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All but the natives of the torrid zone,

What Afric's wilds, or Peru's fields, display, Pleas'd with a clime that imitates their own,

They lovelier bloom beneath the parching ray. Where is wild nature's heart-reviving song,

That fill’d in genial spring the verdant bow'rs? Silent in gloomy woods, the feather'd ibrong

Pine thro’ this long, long course of sultry hours. Where is the dream of bliss by Summer brought?

The walk along the riv'let-water'd vale? The field with verdure clad, with fragrance fraught,

The sun mild-beaming, and the fanning gale?

The weary soul imagination cheers,

Her pleasing colours paint the future gay; Time passes on, the truth itself appears,

The pleasing colours instant fade away:

In diff'rent seasons diff'rent joys we place,

And these shall Spring supply, and Summerthese; Yet frequent storms the bloom of Spring deface,

And Summer scarcely brings a day to please. O for some secret, shady, cool recess!

Some Gothic dome o’erhung with darksome trees, Where thick damp walls this raging heat repress,

Where the long aisle invites the lazy breeze.

But why these plaints ?-Amid his wastes of sand,

Far more than this the wand'ring ARAB feels; Far more the INDIAN in COLUMBUS' land,

While Phoebus o'er him rolls his fiery wheels:. Far more the sensible of mind sustains,

Rack'd with the poignant pangs of fear or shame; The hopeless lover, bound in beauty's chains,

And he, whom envy robs of hard-earn'd fame:

He, who a father or a mother mourns,

Or lovely consort, lost in early bloom; He, whom the dreaded rage of fever burns,

Or slow disease leads ling'ring to the tomb.

Lest man should sink beneath the present pain,

Lest man should triumph in the present joy; For him th' unvarying “ laws of Heaven ordain”.

Hope in his ills, and to his bliss alloy.

Fierce and oppressive is the sun we share,

Yet not unuseful to our humid soil; Hence shall our fruits a richer flavour bear,

Hence shall our plains with riper harvests smile :

Reflect, and be content-for mankind's good

Heav'n gives the due degrees of drought or rain: To-morrow ceaseless show'rs may swell the flood,

Nor soon yon sun rise blazing fierce again :

Ev'n now behold the grateful change at hand,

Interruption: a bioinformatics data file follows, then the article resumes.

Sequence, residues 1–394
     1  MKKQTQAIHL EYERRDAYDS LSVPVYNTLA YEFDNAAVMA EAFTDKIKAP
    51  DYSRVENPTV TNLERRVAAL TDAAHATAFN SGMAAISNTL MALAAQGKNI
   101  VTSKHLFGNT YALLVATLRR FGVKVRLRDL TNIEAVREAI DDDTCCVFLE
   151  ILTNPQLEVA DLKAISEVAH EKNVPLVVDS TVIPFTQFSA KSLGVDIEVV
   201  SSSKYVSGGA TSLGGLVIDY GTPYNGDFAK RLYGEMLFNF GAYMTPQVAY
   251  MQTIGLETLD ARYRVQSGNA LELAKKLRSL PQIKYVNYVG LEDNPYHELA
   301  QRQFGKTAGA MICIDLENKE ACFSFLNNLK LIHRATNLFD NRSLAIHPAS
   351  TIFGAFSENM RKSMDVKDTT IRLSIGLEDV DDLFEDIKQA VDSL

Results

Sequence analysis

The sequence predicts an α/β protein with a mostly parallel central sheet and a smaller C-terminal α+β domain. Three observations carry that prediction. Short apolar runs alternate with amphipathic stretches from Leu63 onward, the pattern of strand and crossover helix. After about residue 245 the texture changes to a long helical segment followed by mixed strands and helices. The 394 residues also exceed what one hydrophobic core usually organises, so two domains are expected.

Hark! in the east loud blustring gales arise; Wide, and more wide the dark’ning clouds expand,

And distant lightnings flash along the skies. 0! in the awful concert of the storm,

While hail and rain, and wind and thunder join! Let the Great Ruler's praise my song inform,

Let wonder, rev’rence, gratitude, be mine.

ELEGY III.
WRITTEN IN HARVEST.

Farewel the pleasant violet-scented shade,

The primros’d hill, and daisy-mantled mead, The furrow'd land with springing corn array'd,

The sunny wall with bloomy branches spread; Farewel the bow'r with blushing roses gay,

Farewel the fragrant trefoil-purpled field; Farewel the walk through rows of new-mown hay,

When ev’ning breezes mingled odours yield;

Farewel to these:--now round the lonely farms,

Where jocund plenty deigns to fix her seat; Th’autumnal landscape, op’ning all its charms,

Declares kind nature's annual work complete.

In diff'rent parts what diff'rent views delight,

Where on neat ridges wave the golden grain; Or where the bearded barley, dazzling white,

Spreads o'er the steepy slope or wide champaign. The smile of morning gleams along the hills,

And wakeful labour calls her sons abroad; They leave with cheerful looks their lowly vills,

And bid the fields resign their ripen'd load.

To various tasks address the rustic band,

And here the scythe, and there the sickle wield: Or rear the new-bound sheaves along the land;

Or range in heaps the produce of the field. Some build the shocks, some load the spacious wains,

Some lead to shelt'ring barns the fragrant corn; Some form tall ricks, that tow'ring o'er the plains,

For many a mile the rural yards adorn.

Th’ inclosure gates thrown open all around,

The stubble's peopled by the gleaning throng; The rattling car with verdant branches crown'd,

And joyful swains that raise the clam'rous song. Soon mark glad harvest o'er.—Ye rural lords,

Whose wide domains o'er ALBION's isle extend; Think whose kind hand your annual wealth affords,

And bid to Heav'n your grateful praise ascend.

For tho' no gift spontaneous of the ground,
Rose these fair crops that made your vallies

smile,
Tho' the blythe youth of ev'ry hamlet round,

Pursu'd for these thro' many a day their toil;

Yet what avail your labours or your cares?

Can all your labours or your cares, supply Bright suns, or soft'ning show'rs, or tepid airs,

Or one indulgent influence of the sky?

For Providence decrees that we obtain
· With toil, each blessing destin'd to our use;
But means to teach us that our toil is vain,

If He the bounty of his hand refuse.

Yet, ALBJON, blame not what thy crime demands,

While this sad truth the blushing muse betrays, More frequent echoes o'er thy harvest lands

The voice of riot than the voice of praise.

Prolific tho' thy fields, and mild thy clime,
Know realms, once fam'd for fields and climes

as fair,
Have fell the prey of famine, war, and time.

And now no semblance of their glory bear.

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